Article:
Posters went up in the spring of 2001 advertising a day of Cinco de Mayo horse races. It promised to be a historic event. Reeling from years of record migrant flows and divisive border buildup, the mayors of both Douglas and Agua Prieta wanted to restore a bit of borderlands spirit. They won permission to take down a stretch of border fence west of town. Race organizers would replace the barrier with a plastic railing running straight down the international line. For five hundred meters, a U.S. horse and a Mexican horse would rocket along the geopolitical divide, each one on its own side. Organizers expected ten thousand spectators, half in the United States and half in Mexico. The day’s festivities would remind residents what it meant to live in DouglaPrieta, a single community enriched, not endangered, by the border.
Organizers billed the event as Douglas and Agua Prieta’s “second annual” International Border Horse Race. The “first annual” race had run forty-three years earlier in 1958, pitting a champion Arizona thoroughbred named Chiltepin against Relampago, one of the most famous horses in Mexico at the time. Relampago, owned by a nightclub impresario from Agua Prieta, won.
In 1958, race organizers staged the match on both sides of the borderline to get around animal quarantine regulations. In 2001, the race would defy another kind of border regime — this one focused on undocumented migrants.
When the day came, Mayor Ray Borane presided over the event with noble words. “They say enemies build walls and friends build fences,” he declared. “Well, today we take down the fence to show that we are more than neighbors — we are friends and family.”
The races attracted fifteen thousand spectators, far more than expected. Horses with names like El Sapo, El Bobito, and El Rayito thundered down the track in twenty-second flat-out sprints. Between races, Mexican bookies waved rolls of bills and dipped across the line to take bets in Arizona.
U.S. spectators hustled across the track to buy Tecate when American vendors ran out of beer. A woman arrayed in a charro suit performed an impromptu horse ballet. And the Border Patrol hung back, unwilling to interfere. For some, the binational event seemed as if it might mark the beginning of a new DouglaPrieta. For others, it seemed like a last hurrah.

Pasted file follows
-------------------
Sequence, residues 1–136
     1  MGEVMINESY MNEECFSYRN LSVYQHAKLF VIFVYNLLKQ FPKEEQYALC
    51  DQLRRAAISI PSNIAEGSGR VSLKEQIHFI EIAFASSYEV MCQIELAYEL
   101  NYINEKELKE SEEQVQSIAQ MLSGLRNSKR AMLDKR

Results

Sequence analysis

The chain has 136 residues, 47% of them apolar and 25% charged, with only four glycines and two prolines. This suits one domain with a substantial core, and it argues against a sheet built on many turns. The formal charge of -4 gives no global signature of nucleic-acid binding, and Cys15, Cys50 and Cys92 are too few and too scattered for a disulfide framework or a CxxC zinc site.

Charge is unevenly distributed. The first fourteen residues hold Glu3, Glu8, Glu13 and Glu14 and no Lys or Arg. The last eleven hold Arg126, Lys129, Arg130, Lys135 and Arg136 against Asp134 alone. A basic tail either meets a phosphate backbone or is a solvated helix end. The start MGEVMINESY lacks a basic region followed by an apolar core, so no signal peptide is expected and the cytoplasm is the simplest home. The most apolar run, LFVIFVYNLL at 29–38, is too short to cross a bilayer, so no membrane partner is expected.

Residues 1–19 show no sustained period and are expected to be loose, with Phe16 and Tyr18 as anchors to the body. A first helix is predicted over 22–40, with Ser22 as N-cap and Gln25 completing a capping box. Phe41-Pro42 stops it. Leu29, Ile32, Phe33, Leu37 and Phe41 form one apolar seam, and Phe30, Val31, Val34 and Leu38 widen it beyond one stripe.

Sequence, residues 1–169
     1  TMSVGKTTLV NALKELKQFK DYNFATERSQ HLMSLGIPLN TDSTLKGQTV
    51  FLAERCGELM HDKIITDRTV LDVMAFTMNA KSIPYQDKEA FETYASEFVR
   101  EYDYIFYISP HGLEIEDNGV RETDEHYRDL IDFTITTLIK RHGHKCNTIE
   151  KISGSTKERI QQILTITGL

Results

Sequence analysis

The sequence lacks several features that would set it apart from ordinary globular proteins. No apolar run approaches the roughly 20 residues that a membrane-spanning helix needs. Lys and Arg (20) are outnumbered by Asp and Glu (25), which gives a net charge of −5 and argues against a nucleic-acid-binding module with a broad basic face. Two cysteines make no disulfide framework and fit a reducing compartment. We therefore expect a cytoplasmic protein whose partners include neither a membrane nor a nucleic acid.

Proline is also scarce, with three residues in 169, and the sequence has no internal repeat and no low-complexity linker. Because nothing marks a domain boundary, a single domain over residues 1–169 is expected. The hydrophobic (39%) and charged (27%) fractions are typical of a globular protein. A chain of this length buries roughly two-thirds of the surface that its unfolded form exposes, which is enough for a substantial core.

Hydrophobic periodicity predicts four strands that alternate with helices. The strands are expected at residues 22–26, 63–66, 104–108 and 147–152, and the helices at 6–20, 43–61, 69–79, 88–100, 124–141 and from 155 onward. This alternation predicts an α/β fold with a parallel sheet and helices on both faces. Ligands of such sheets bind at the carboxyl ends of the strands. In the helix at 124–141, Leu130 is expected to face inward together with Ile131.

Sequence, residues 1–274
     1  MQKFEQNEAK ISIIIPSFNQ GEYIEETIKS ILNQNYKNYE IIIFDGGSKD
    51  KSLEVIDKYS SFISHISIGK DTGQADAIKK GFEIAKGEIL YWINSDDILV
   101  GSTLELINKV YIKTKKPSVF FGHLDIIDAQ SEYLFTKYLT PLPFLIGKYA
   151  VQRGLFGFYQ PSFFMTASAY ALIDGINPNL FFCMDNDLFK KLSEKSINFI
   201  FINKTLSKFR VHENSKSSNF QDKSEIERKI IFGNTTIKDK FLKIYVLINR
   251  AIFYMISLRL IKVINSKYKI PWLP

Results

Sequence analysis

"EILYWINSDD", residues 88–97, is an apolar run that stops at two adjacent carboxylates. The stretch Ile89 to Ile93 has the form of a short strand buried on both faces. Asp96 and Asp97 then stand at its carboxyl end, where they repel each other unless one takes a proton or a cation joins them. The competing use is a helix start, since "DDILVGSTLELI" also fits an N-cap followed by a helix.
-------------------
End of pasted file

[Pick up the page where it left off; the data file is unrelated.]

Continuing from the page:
* * *
The second annual International Border Horse Race was not the only effort to resist the stiffening border at the turn of the millennium. Around that same time, Rosie Mendoza joined Frontera de Cristo. This was a group of people from Douglas’s faith communities horrified by the human cost of prevention through deterrence. Frontera de Cristo worked to mend connections between people and places. It organized development projects in Agua Prieta and education programs for Americans interested in understanding immigration at a deeper level. The group also helped found and staff the Migrant Resource Center in Agua Prieta. Volunteers in the small building on the Mexican side next to the port of entry welcomed recent deportees. They distributed shoes, blankets, hot coffee, and food — some migrants’ first meal in days. Volunteers helped the castaways telephone relatives in places like Chicago, Iowa City, and Greenville, South Carolina. They bandaged feet that were bloody and blistered after treks through the desert. Sometimes, they just held people shell-shocked by their violent traverse through Mexico, the desert, and then detention.
When they weren’t helping the living, Frontera de Cristo members vowed to remember the dead. Every Tuesday evening, as rush-hour traffic idled through the port of entry, community members carrying white crosses gathered near the wall. Each cross bore the name of a migrant who had died in Cochise County. For as long as it took, the assembled fellowship read each name aloud, followed by a simple cry, “presente” — you are still here with us. Rosie Mendoza participated in the vigil often. She called out each name, exactly as written on the cross, as loud as her soft voice permitted. But in her heart, every name she uttered stood for the dead man she’d seen at the bottom of the ditch in August 1997.
* * *
On the other side of the spectrum, the Old West bluster of angry ranchers drew displays of solidarity from across the country’s right wing. Inspired by images of armed residents like Roger Barnett taking a stand against “invasion,” anti-immigration activists poured into southeastern Arizona. One of them, Glenn Spencer, had been protesting Mexican immigration to California since the early 1990s. When he heard what was happening in Douglas, he declared California “a lawless, lost state” and decided to make a stand in Cochise County. Southeastern Arizona would be his battleground against what he said was a Mexican assault on white America. Spencer founded the American Border Patrol, an organization with militia trappings, in 2002. After reading about Roger Barnett, the Texan Jack Foote created a similar organization, Ranch Rescue, and began to patrol private land in Texas and Arizona.